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Chef Oren Zroya: a Radical approach to sensible, flavourful cooking

Although Malibu-based chef Oren Zroya made his name as a personal chef for A-list celebrities including Barbra Streisand, Gerard Butler and Owen Wilson, he insists anybody can bring out their inner A-list chef with the right set of tools. His first rule of thumb is that a well-outfitted home kitchen begins with a perfect, all-purpose cast iron skillet, reports US west coast editor Elyse Glickman

If you’ve always dreamed of having a celebrity chef giving you an assist towards perfectly cooked, healthier creations, your wish may be about to come true. Oren Zroya, who has personally put celebrities like Shannen Doherty, Brooke Burke, Barbara Streisand and Owen Wilson on a path to healthier and more interesting home dining, developed the Radical Pan. The innovative shape and design practically ensures almost any homemade dish will look and taste its best. The non-stick-coated pan’s secret “weapon” is a lip-like shape on one side that forms a backboard that makes even cooking easier either with a spatula or by shaking and flipping your ingredients. The FDA-approved surface also allows one to minimize oil and fat usage, which in turn lets the natural flavours of the ingredients shine through. This is especially important if you are spending extra on ingredients to ensure what you eat and serve will be at its peak of flavour and nutritional value.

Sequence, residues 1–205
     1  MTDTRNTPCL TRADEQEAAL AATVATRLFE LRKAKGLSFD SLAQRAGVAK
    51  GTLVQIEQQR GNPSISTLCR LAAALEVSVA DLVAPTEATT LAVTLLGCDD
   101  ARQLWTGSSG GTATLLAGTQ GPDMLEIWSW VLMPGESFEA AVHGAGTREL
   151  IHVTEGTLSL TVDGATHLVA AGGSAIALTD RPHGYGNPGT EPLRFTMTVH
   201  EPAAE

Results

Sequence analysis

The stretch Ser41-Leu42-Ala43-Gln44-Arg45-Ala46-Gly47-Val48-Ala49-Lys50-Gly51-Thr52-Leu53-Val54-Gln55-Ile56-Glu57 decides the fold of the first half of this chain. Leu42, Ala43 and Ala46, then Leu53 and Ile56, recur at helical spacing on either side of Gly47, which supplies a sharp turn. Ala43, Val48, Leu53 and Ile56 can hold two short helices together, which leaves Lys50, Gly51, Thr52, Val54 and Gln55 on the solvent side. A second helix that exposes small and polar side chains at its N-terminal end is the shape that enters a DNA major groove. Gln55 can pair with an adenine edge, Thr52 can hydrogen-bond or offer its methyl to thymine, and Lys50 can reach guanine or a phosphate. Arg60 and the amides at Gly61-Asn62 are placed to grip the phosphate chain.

One may argue that some of the knowledge that went into the design of the pan could be traced to Zroya’s years training at the prestigious Le Cordon Bleu culinary school in Pasadena, or a postgraduate job at a posh French restaurant in Malibu (Beau Rivage), where he eventually served as its chef. However, the job that changed the course of his life came to him via an unassuming want-ad for a caretaker in a small community publication. He would end up looking after playwright and author Jerome Lawrence, whose work included Inherit the Wind, Auntie Mame, Mame, and many more classic American plays, films, and novels. In the process, he learned why organic, locally-farmed ingredients made a big difference for both a cook and the people eating his food.

      ‘Taking care of Jerry, I was able to shop at Pacific Coast Green, an expensive grocery store with the freshest, natural and organic ingredients, and had the freedom to choose what I wanted,’ Zroya recalls. ‘Using these foods in a medicinal context, I saw Jerry’s health start to improve. Aside from cooking his meals, I booked swimming and physical therapy appointments to stimulate his mind. Jerry was getting healthy enough to travel back to New York to see his plays on Broadway and attend the Tonys and Peabody Awards to accept awards.’
      During his breaks, while Jerry was resting, Zroya began watching programmes on Food Network to learn from its cavalcade of cooks and chefs (Mario Batali, Bobby Flay, Ina Garten, Alton Brown, and Jamie Oliver) about how to make every meal a special event for Jerry. With gratitude, and seeing the potential he had as a chef, Jerry put a down payment on his future education at Le Cordon Bleu in Pasadena to ensure he could translate his natural talents into a career in culinary arts.